The rise of leadership for the greater good
Since the last quarterly measurement of perceptions of leadership for the greater good in March 2020, there have been marked improvement in public perceptions. The overarching reason for this, of course, has been the COVID-19 pandemic, which ushered in a focus on leadership for the greater good, the likes of which we have not seen for years.
Once conspicuous by its absence, leadership for the greater good seemed ubiquitous over the last three months, and gratifyingly so in the institutions where it counts most; namely, the institutions of the government and public sectors.
This quarterly report describes the key findings from the June 2020 Australian Leadership Index. Information about the Australian Leadership Index (ALI) and full results are freely available via the ALI website and the interactive ALI data portal.
A note on the survey process
The results reported in this quarterly report reflect the views of 1,000 Australian respondents, who were surveyed in from June 1 to June 10, 2020.
Respondents are recruited via an online panel by Dynata. Recruitment is designed to ensure that the sample is nationally representative in terms of locality (i.e., States and Territories), gender and age.
Results are analysed at the overall national level, as well as at the sector (i.e., government, public, private and not-for-profit sectors) and institution-level. ALI results can be further segmented according to a range of demographic variables. More information about the survey process can be found here and the ALI data portal can be found here.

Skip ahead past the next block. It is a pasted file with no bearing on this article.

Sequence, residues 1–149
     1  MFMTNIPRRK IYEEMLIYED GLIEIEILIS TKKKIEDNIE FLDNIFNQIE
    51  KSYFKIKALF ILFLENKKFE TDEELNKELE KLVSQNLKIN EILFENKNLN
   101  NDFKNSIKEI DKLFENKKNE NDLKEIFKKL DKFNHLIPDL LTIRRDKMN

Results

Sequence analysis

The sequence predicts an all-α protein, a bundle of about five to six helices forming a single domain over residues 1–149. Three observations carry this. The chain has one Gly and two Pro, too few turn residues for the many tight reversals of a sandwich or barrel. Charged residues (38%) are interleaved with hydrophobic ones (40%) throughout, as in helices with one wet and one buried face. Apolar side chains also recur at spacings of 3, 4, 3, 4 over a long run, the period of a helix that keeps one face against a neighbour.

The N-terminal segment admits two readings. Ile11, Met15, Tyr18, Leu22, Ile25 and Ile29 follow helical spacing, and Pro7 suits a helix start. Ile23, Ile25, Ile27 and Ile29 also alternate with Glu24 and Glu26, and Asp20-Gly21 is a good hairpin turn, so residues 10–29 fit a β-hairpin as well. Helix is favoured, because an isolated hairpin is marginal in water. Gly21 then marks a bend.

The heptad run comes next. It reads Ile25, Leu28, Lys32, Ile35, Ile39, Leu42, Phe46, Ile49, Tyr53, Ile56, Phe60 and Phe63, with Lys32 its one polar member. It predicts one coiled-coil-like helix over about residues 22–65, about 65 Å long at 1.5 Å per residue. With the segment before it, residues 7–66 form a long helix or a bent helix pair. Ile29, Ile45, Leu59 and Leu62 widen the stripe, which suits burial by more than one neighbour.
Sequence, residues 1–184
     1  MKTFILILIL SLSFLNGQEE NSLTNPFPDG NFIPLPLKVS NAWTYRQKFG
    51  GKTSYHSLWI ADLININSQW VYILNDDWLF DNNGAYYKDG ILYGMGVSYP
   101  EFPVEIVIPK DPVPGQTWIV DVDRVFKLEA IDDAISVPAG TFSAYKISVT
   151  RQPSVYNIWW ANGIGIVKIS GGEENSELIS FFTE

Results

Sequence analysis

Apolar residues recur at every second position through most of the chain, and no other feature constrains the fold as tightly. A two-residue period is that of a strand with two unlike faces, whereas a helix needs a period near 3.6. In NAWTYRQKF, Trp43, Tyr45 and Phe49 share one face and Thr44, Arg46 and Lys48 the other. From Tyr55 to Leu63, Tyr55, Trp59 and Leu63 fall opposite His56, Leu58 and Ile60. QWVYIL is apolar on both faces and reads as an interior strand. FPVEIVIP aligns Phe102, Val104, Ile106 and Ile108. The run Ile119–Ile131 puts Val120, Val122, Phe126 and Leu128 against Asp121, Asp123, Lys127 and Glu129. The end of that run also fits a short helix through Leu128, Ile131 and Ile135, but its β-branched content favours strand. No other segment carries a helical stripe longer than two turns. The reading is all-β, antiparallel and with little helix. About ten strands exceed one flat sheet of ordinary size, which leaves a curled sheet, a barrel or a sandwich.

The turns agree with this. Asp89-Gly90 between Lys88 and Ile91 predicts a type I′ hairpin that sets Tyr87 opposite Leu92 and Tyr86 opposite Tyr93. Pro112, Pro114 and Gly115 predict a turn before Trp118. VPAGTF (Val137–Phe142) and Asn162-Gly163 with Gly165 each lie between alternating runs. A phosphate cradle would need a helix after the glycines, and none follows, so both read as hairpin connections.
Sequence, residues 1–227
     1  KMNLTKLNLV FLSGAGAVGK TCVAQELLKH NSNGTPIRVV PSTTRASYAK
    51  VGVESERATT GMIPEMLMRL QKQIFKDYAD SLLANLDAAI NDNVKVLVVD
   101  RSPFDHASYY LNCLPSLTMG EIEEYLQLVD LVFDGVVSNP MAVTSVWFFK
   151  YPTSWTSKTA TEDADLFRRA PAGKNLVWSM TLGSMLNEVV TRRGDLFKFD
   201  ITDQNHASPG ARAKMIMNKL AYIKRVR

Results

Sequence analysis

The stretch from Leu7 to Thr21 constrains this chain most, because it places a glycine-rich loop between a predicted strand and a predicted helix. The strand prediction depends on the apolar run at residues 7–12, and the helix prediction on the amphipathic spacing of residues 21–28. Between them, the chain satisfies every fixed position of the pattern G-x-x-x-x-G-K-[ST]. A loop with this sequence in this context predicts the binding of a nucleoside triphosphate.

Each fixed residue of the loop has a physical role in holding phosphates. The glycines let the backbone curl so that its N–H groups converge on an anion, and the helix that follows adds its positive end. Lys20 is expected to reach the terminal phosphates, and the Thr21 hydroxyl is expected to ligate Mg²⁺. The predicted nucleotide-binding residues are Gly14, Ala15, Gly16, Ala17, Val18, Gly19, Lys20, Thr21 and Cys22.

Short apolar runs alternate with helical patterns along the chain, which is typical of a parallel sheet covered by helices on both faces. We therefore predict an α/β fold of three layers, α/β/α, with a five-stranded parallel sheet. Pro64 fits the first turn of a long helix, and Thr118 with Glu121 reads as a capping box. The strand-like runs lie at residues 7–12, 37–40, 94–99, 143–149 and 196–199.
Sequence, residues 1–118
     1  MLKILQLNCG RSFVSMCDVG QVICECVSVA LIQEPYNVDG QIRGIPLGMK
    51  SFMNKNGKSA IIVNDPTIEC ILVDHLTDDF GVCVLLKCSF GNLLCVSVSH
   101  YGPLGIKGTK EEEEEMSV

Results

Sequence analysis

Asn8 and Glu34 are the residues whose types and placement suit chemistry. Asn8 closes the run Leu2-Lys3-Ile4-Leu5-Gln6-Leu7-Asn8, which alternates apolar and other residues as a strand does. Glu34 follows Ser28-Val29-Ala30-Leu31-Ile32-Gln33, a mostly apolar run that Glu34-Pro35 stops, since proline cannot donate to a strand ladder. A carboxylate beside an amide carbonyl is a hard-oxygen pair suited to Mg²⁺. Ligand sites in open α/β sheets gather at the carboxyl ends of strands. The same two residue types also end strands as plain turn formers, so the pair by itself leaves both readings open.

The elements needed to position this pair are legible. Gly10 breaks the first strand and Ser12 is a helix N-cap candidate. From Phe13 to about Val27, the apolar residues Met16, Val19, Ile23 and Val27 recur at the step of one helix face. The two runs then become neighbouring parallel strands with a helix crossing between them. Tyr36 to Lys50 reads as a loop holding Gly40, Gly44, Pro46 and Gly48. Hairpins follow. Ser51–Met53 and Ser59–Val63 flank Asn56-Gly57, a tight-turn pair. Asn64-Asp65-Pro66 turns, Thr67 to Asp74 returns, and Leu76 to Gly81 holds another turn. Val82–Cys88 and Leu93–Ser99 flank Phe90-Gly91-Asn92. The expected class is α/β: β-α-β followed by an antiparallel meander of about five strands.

1. Perceptions of the overall state of leadership for the greater good in Australia reached positive levels for the first time ever in response to COVID-19, increasing from an ALI score of -13 in March 2020 to +8 in June 2020.
2. The government sector recorded the sharpest increases in perceptions of leadership for the greater good, increasing from -21 in March 2020 to +9 in June 2020. This increase was most apparent for the Federal government, which improved from -25 in March 2020 to +16 in June 2020.
3. The public sector grew further in public esteem as a result of the COVID-19 pandemic, improving from +3 in March 2020 to +22 in June 2020. Public health institutions led the way, but public education and justice sector institutions also recorded large improvements in perceptions of their leadership.
4. The not-for-profit sector made modest improvements, recording its first ever positive ALI score (+2), caused by the rebound in perceptions of charities, which increased from +21 in March 2020 to +34 in June 2020. However, a gulf remains between public perceptions of charities and perceptions of religious institutions (-17) and trade unions (-13).
5. The private sector also made modest improvements, recording a score of -2, which is the highest ALI score ever recorded for the private sector. Small and Medium Enterprises (SMEs) led the way, but large national businesses and multinational corporations also recorded large improvements in perceptions of their leadership.
How is the ALI calculated?